We live in a world that is networked in ways we cannot see, fully comprehend, or at times even imagine. The idea that brokers on Wall Street dealing in credit default swaps could have an impact on my retirement seemed unlikely not too long ago. I hadn’t even heard of credit default swaps. I didn’t own any. Still don’t. I don’t even particularly like hearing about them. But as it turns out the Wall Street brokers really exist, the impact on my retirement certainly is real—though whether credit default swaps actually exist as things with actual value is a question worth debating.
In any case, some huge investment banks—“too big to be allowed to fail”—have lost money, while some have made money, very large amounts of money during the crisis. One firm that has had a profitable time is Goldman Sachs. They recently built a new headquarters, a massive new skyscraper to house the brokers, lawyers, secretaries, and managers and that make up the firm.
Most large investment banks love the limelight, and calling attention to their flashy, expensive headquarters is just part of the process of projecting a successful image. Paul Goldberger picks up the story in “Shadow Building,” which you can read here (The New Yorker, May 17, 2010; p. 114-115):
Goldman Sachs, one of the largest and most profitable financial firms in the world, has a different view of things. Several thousand Goldman employees have just moved into a sleek steel-and-glass headquarters in lower Manhattan that is emphatically not called One Goldman Sachs Plaza. At 200 West Street, as the building is known, the name of the firm appears nowhere on the exterior, or in the lobby, or even on the uniforms of the security personnel or the badges given to visitors. Forty-three stories tall and two city blocks long, the Goldman building appears to have been designed in the hope of rendering the company invisible.
These days, it would be understandable if Goldman Sachs wanted to disappear: being the object of a suit by the Securities and Exchange Commission and, reportedly, of a criminal investigation by federal prosecutors is hardly conducive to the desire for a high profile. But this building, designed by Henry Cobb, of the firm Pei Cobb Freed & Partners, was planned long before the financial crisis, and before accusations were made that Goldman had bet against its own clients in the subprime-mortgage market. The design speaks less to Goldman's current problems than to the firm’s long-standing obsession with being both extremely powerful and utterly inconspicuous.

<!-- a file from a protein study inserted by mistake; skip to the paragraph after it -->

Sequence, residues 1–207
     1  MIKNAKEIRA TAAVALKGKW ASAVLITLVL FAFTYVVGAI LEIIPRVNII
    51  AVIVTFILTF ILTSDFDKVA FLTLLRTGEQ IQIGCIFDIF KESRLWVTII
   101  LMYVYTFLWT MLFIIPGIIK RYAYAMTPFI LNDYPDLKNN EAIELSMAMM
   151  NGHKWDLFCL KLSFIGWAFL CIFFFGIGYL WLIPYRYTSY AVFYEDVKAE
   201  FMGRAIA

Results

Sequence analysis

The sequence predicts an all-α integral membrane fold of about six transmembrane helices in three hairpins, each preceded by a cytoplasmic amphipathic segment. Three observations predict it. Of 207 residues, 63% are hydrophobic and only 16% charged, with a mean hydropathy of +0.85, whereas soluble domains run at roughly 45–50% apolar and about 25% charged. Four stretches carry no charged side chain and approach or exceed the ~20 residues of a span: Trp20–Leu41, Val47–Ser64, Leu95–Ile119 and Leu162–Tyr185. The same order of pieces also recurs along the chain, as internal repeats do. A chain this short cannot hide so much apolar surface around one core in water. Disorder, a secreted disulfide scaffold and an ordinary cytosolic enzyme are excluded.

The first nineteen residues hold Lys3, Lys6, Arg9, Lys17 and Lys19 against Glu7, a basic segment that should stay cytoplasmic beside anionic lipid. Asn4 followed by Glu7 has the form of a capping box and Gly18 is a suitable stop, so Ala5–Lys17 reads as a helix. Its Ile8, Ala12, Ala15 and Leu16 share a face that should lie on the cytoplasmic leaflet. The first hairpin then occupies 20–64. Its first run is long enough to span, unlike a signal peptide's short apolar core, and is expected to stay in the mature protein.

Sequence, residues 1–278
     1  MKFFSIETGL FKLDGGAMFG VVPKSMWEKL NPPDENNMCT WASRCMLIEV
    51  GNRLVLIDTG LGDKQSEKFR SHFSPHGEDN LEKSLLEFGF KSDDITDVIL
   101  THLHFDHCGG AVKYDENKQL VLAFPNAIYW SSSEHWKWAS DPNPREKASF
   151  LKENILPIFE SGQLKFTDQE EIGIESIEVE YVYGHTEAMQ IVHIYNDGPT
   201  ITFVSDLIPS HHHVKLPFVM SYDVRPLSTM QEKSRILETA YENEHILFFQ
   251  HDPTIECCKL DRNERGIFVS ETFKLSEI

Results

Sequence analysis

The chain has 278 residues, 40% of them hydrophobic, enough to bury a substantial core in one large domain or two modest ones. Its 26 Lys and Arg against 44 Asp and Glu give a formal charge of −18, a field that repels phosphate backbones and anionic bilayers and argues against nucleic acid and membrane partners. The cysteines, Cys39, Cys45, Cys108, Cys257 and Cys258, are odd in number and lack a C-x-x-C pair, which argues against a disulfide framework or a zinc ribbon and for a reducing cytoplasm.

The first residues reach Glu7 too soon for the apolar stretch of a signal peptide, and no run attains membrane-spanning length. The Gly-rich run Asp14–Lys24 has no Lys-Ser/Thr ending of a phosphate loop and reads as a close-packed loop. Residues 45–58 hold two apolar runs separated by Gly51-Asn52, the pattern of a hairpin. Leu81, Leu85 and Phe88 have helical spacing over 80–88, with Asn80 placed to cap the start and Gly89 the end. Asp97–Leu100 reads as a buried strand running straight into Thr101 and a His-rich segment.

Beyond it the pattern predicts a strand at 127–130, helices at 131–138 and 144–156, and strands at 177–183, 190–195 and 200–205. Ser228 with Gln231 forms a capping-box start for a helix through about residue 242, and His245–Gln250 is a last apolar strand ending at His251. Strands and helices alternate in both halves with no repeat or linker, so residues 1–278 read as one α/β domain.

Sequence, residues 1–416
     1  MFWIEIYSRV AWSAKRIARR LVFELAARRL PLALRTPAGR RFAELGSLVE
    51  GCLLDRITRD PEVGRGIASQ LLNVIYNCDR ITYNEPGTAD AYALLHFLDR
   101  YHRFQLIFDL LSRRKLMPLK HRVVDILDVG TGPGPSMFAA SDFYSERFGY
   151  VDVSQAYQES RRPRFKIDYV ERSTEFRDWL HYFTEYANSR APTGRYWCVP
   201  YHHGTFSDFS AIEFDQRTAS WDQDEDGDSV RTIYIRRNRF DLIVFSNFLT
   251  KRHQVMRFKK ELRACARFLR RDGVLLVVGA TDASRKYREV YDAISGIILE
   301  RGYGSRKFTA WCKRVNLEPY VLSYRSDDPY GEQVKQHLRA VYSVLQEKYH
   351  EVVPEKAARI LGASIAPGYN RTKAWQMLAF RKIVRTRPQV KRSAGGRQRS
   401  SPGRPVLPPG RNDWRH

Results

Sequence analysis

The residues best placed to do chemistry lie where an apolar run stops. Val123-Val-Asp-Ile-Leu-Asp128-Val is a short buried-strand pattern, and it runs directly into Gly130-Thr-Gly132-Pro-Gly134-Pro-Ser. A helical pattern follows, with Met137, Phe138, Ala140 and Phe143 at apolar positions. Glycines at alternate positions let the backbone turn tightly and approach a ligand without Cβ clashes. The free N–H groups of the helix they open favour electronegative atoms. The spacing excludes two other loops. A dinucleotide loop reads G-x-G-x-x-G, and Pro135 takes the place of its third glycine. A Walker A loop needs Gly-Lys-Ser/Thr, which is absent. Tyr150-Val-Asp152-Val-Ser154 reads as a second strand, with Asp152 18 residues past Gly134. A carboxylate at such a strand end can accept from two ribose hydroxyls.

Today, the idea that Goldman Sachs could operate with a low profile seems bizarre, even delusional. But for a long time it did. Its previous home, at 85 Broad Street, was a precast concrete tower, from 1983, one of the most forgettable tall buildings in New York. Having outgrown those premises, Goldman hired Cesar Pelli to build a glass tower in Jersey City, facing the Hudson River—finished in 2004, it’s the tallest and most elegant skyscraper in New Jersey—and laid plans for a new headquarters on the New York side, too. It fixed on a plot in Battery Park City, one block northwest of Ground Zero, which had been a parking lot for years. At the time, there was not a lot of development going on in lower Manhattan, and Goldman’s plans appear to have sent city and state officials into giddy ecstasy. They quickly agreed to give the company a hundred and fifteen million dollars in tax breaks and cash grants to build the new tower. More singular still, state and local governments decided to give the firm another big subsidy by letting it use $1.65 billion in tax-exempt Liberty Bonds, intended to stimulate economic development after 9/11, to cover part of the building’s $2.1-billion cost. Last month, Goldman announced that it had made a profit of nearly three and a half billion dollars in the first quarter of this year—enough to have paid for the entire building, in cash, in a couple of months, without any help from taxpayers.